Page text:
The Washington Post has a must-read feature today about the sexual assault of 16-year-old Amber Wyatt in 2006—and how her Texas high school turned against her:
The rumor — at least initially, and certainly in the soccer player’s initial account to Aven — wasn’t that Wyatt consented to sex with the two boys, but that they never had sex at all. Yet the tone of murmurs around the school indicated that students believed the exact opposite: that Wyatt, perhaps intoxicated, had agreed to sex and then regretted it, and that, in accusing the boys of rape, caused trouble not only for herself but also for her classmates at Martin. Aven, in his statement to police, said he thought, despite the soccer player’s denials, that some consensual sexual encounter took place in the shed that night. Meanwhile, at the school, an internal investigation quickly began into students’ alcohol use, which resulted in athletes from four different sports being removed from their extracurricular activities for six weeks.
Wyatt became the bull’s eye of an angry backlash. As Liz Gebhardt, a close friend of Wyatt’s who remained by her side throughout the tumultuous period that followed, recalled: “Everyone started blaming [Wyatt] because she said something, and if she would have kept her mouth shut then nothing would have ever happened.” With 3,350 students, it was hard to contain the spread of malicious recrimination and even harder to maintain a sense of proportion.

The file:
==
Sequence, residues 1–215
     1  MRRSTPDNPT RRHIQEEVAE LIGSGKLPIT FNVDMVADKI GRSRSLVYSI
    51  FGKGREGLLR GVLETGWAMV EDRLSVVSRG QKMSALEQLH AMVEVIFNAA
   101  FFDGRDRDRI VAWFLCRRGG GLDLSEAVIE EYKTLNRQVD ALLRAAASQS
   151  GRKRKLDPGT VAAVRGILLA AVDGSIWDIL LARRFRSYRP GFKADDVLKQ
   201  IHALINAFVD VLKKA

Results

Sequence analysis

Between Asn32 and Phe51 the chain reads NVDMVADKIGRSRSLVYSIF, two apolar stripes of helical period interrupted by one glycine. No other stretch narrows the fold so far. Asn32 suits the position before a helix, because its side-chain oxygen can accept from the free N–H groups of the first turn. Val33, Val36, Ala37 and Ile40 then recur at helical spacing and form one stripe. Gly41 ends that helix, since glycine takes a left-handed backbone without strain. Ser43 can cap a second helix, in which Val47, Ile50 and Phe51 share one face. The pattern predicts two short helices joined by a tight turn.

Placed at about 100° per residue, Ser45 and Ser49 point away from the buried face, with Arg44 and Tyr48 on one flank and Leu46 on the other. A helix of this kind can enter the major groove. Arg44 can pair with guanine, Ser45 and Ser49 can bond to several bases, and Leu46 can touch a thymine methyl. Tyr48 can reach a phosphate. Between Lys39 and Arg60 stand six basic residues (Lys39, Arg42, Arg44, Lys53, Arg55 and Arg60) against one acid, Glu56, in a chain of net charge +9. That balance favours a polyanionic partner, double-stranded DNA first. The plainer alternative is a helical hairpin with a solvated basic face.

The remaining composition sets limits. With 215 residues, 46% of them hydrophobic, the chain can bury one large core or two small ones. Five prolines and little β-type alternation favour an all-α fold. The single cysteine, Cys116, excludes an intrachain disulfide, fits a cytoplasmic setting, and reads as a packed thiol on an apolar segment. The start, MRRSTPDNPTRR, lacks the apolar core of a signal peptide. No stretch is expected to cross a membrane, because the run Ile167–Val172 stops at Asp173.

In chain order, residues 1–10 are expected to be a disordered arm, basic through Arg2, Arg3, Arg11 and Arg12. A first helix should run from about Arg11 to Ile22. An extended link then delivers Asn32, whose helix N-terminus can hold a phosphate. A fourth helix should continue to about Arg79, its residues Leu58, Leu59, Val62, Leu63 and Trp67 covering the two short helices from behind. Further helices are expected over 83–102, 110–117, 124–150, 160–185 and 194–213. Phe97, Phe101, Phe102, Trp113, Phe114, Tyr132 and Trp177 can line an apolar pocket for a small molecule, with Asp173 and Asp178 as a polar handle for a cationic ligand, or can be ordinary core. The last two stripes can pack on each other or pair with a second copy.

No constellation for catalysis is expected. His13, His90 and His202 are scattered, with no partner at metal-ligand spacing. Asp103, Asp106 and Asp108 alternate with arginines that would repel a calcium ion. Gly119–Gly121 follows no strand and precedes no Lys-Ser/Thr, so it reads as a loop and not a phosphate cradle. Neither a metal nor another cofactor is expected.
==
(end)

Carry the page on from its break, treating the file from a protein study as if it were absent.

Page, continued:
Kids hurled insults at Wyatt in the halls and casually chatted about the news in class. Many of her former friends would no longer associate with her. Wyatt says she received threats and slurs by text messages, people telling her to kill herself, saying she got what was coming to her. Wyatt’s friendships with her former cheerleading pals grew brittle and strained. “Maybe it was me,” she speculated in 2015. “I mean, I totally changed.”
One night in September, text and MySpace messages began circulating among Martin teens who wanted to show support for the accused by writing “FAITH” on their cars. The lurid acronym — “f--- Amber in the head” — began appearing on rear windows the following morning, metastasizing as quickly as the rumors had. Even Arthur Aven wrote “FAITH” on his car.
It's as much an indictment of her town's justice system as much as her classmates. Wyatt has recovered, but it took a decade to get her life on track. The people she alleged had raped her had no consequences.